Woodmere Club survey says?

Residents asked to weigh in on two town options


With the Town of Hempstead continuing to weigh its options concerning the Woodmere Club, Councilmen Anthony D’Esposito and Bruce Blakeman announced on May 17 that an official survey had been mailed to households within a half-mile of the club, whose address is 99 Meadow Drive.

Residents were asked to express their preference for one of two alternatives. The first is the creation of a park district, which could increase their average annual property taxes from $2,000 to $4,000 for at least the next 20 years. The town would have to buy the club land to create a park.

The second option, which takes into account the proposal by developers Efrem Gerszberg and Robert Weiss to build 285 homes on 114.25 acres of the club’s land, would restrict town rezoning of the 118-acre property to reduce the number of lots from 285 to roughly 60.

The deadline to return the survey is June 14.

Rich Regina, the attorney for the Town Board and a former attorney for the town’s Zoning Board, said the survey would help the town decide what to do next. “We felt it would be a great way to get feedback from our residents,” he said. “Once we get the survey feedback, we will take the next steps.” Regina did not say whether the town would consider using eminent domain to purchase the land in the future. Neither Blakeman nor D’Esposito responded to requests for comment by press time. Eminent domain is the right of a government to take private property for public use and compensate the owner.

Five Towns Civic Association board and founding member Mario Alex Joseph said that community members were assured last May by Town Board members that the town “would not drop the ball again” on developing of the Woodmere Club. Since then, he added, no additional information has been presented to the residents. With the help of two outside firms, the town is conducting studies on the viability of a park district.

“And now,” Joseph said, “we have received an unsigned, purportedly official survey from the town that is replete with unsubstantiated claims that overwhelmingly focus on the promise of higher taxes. The developer couldn’t have marketed a more discouraging leaflet.” Joseph also said he believed no decisions should be made until studies being conducted by the town, state and U.S. Army Corps of Engineers focusing on the potential environmental impact of developing the club and flood mitigation are considered.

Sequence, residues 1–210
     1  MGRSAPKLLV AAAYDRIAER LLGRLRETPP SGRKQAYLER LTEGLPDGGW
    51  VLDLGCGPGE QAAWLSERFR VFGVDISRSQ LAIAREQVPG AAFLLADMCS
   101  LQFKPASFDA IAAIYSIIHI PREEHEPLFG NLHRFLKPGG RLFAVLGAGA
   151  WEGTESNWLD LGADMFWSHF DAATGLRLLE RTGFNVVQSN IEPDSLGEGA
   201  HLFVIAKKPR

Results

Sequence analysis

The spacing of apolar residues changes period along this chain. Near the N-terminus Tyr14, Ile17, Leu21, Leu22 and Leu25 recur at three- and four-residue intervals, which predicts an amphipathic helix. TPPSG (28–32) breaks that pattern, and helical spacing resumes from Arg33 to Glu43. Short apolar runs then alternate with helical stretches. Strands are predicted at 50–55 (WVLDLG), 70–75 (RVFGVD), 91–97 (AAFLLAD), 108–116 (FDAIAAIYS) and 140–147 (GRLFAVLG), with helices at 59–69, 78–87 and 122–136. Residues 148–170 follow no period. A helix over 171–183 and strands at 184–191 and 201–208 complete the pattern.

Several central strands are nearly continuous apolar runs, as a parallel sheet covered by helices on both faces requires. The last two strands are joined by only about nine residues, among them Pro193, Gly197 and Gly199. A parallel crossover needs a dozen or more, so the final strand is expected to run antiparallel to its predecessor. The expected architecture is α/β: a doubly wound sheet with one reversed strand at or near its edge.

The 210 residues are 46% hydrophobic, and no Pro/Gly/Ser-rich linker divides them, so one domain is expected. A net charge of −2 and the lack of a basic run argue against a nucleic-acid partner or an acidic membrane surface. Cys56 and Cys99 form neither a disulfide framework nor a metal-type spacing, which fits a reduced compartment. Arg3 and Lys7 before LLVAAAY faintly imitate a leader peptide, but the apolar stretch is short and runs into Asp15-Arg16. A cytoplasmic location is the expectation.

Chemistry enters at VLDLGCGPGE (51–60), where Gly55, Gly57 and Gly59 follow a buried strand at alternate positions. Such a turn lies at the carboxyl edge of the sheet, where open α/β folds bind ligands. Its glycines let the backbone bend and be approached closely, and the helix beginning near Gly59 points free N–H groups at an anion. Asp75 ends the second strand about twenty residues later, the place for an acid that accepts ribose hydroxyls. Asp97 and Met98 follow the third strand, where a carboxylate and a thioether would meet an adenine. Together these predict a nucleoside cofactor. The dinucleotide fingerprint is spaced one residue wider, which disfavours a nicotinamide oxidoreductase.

Gerszberg and Weiss purchased the 111-year-old Woodmere Club for roughly $9 million in 2017, agreeing to assume the nearly $15 million in debt that it had amassed. It is scheduled to close in 2021, and then development is expected to begin.

“We believe that certain statements promoted in the [survey] will bolster our lawsuit against the town,” Weiss said. “Their misinformation is startling, as it is either incompetence or outright lies.”
Gerszberg and Weiss brought a lawsuit against the town last year opposing the building moratorium it had imposed on private golf courses. The developers won the case, and the town is now appealing the decision. The developers and the Village of Woodsburgh agreed to drop a legal action on Feb. 25, because Gerszberg and Weiss were suing over the village’s six-month ban on subdividing property. “The town and village have already wasted over $500,000 in legal fees, consultants and flawed reports,” Gerszberg said, “with nothing to show for the money spent.”

Weiss said he believed the survey would be ineffective. “The survey was lacking the third option, which would promote the construction of much-needed new housing to be built on the Woodmere Club,” he said. “We have received over 100 serious inquiries from people in the community wanting to purchase homes for either themselves or their children.”

The club land straddles the villages of Lawrence and Woodsburgh and the hamlet of Woodmere, and extends to within 300 feet of the Village of Cedarhurst. The preliminary proposal for the development, called Willow View Estates, calls for 248 homes in Woodmere, 24 in Woodsburgh and 13 in Lawrence. Approval of the plan is required from each municipality. Five additional sites would be set aside for storm water basins. The Nassau County Department of Public Works Planning Commission is the lead agency in the State Environmental Quality Review Act study on the proposed development.

“The town continues to promote the idea of rezoning the Woodmere Club when they are aware that this action is illegal,” Gerszberg said. “We have already won the two lawsuits and will continue to litigate our property rights.”

A community meeting could be held in the near future. Town spokeswoman Susie Trenkle-Pokalsky said that the board wanted to review all the feedback from the survey before it decided on the next step.

Have an opinion about the town’s survey and development of the Woodmere Club? Send your letter to jbessen@liherald.com.